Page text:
There are many factors in which the length of Xanax withdrawal can last:
This starts anywhere from six to 12 hours after your last dose. These symptoms will begin around this time. The most common initial symptoms are anxiety, trouble sleeping, and headache.
One to four days after your last dose you will notice your anxiety and insomnia intensify. If you originally used Xanax to treat your anxiety, this may be when you experience rebound symptoms.
These symptoms may return worse than you originally had, which is why it is essential to go through medical detox. You may also experience symptoms such as:
- Flu-like symptoms
All of these symptoms should lessen on the fourth day, but seizure risk is at an all-time high at this time.
Five to fourteen days after your last dose your symptoms will be slowly getting better. Although you may notice that your anxiety and insomnia are still prevalent, you should notice that headaches and muscle aches will begin to get less . It is also common that stomach ache can occur during this time, but may not subside for weeks or even months. Continue to monitor for seizure risk.
Two weeks to several months after your last dose, you will notice that you feel much better. Although you may still experience poor mood symptoms, this can be eased with different methods. Addiction professionals can help you in this process, and help you to make a plan that will keep withdrawal symptoms at a minimum.
What Affects Withdrawal?
Your environment can change the pace of your withdrawal time. This is why going to a rehabilitation center is the best option to undergo detox and withdrawal. It provides you a safe environment without any triggers.
Although many factors influence the severity and length of Xanax withdrawal symptoms, your personal body chemistry can make a huge difference. How often and how much Xanax was taken are also significant factors in your withdrawal pain.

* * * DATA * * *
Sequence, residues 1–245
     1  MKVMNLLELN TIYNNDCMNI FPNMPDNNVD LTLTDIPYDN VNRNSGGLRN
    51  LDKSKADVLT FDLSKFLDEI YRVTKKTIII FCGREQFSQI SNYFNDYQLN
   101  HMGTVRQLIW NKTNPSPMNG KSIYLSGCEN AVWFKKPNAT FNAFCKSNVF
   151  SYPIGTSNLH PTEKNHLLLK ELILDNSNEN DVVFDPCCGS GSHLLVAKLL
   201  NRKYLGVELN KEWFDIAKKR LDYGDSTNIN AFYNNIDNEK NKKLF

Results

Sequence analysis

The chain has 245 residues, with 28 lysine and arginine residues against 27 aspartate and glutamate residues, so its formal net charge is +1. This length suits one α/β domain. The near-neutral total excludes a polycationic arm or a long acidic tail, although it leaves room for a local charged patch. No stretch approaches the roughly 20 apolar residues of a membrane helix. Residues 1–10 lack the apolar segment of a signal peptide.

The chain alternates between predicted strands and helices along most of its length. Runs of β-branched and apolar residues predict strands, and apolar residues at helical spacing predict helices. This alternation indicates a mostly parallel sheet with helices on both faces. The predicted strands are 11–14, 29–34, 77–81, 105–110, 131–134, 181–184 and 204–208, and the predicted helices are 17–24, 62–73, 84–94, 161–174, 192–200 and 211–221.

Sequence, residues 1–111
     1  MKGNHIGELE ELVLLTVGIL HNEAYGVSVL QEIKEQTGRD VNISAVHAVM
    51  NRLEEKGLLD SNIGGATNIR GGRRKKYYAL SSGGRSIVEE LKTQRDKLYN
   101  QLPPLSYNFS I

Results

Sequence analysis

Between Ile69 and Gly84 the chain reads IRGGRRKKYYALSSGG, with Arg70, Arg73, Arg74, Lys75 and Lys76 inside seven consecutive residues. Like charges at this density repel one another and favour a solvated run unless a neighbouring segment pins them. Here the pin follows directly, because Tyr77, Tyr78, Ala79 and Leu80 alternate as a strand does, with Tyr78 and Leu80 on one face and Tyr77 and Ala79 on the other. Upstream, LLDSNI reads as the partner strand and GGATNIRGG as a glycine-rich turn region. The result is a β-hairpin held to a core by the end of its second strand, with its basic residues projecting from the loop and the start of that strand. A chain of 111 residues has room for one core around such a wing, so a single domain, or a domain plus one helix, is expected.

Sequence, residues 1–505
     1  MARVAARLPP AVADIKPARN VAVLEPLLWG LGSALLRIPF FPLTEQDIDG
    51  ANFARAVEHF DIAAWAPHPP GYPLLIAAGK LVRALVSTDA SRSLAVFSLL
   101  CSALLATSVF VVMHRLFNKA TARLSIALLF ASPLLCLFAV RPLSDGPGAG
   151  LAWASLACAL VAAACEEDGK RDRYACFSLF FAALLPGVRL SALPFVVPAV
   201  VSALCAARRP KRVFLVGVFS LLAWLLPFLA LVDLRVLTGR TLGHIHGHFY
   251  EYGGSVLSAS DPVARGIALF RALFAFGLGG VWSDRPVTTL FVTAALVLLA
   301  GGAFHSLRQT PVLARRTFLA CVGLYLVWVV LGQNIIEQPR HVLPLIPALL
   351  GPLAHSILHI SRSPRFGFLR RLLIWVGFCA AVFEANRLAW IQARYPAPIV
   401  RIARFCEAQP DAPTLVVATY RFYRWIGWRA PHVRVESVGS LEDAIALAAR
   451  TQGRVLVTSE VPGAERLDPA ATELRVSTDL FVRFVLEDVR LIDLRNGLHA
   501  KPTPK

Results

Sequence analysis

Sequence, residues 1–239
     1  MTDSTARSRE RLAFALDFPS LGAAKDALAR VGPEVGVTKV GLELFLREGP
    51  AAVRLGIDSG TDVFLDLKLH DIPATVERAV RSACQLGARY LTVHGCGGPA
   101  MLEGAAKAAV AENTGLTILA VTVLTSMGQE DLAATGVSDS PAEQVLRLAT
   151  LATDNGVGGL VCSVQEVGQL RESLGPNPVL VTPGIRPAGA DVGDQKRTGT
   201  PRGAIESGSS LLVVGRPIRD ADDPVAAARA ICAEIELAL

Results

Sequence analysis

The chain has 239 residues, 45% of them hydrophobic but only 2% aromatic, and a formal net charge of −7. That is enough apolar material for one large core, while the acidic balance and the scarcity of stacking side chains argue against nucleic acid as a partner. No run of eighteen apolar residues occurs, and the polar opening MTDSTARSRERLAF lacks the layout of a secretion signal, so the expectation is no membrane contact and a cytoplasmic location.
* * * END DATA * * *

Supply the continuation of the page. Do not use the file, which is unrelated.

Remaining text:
Treatment Options for Xanax Withdrawal
You might try to go through a “cold turkey” detox at home, and this is not safe. It is better to go through detox with the support of a physician or in a medical detox rehab facility. If you have a prescription for Xanax it may be a possibility to detox at home, but your doctor should specifically taper down your medication.
Otherwise, going to an inpatient or outpatient treatment program can help give you the support you need and make withdrawal as safe as possible.
Inpatient rehab will require you to live at the facility during your treatment. It is the most intense and effective form of treatment. Outpatient treatment will allow you to live at home, and require you to have a good support system. Unless you are heavily emotionally and psychologically addictive, you most likely do not need to go to an inpatient program. Instead, outpatient rehab should work perfectly fine.
If you or someone you know is addicted to Xanax and needing help to go through Xanax withdrawal, there is help.
At Find Addiction Rehabs we offer the opportunity to find the program that works for you, and which will work with your insurance program as well.
With a wide network of facilities and options near and far from your home, we can help you get healthy again.
Charles F. has been an active part of the Florida recovery community for over 5 years. He began as a behavioral health technician at an addiction treatment facility in Ocala, Florida and has since begun training as a Licensed Addiction and Chemical Dependency counselor in Boca Raton. Charles’ passion involves the promotion of recovery and helping spread the hope of recovery to as many readers as possible!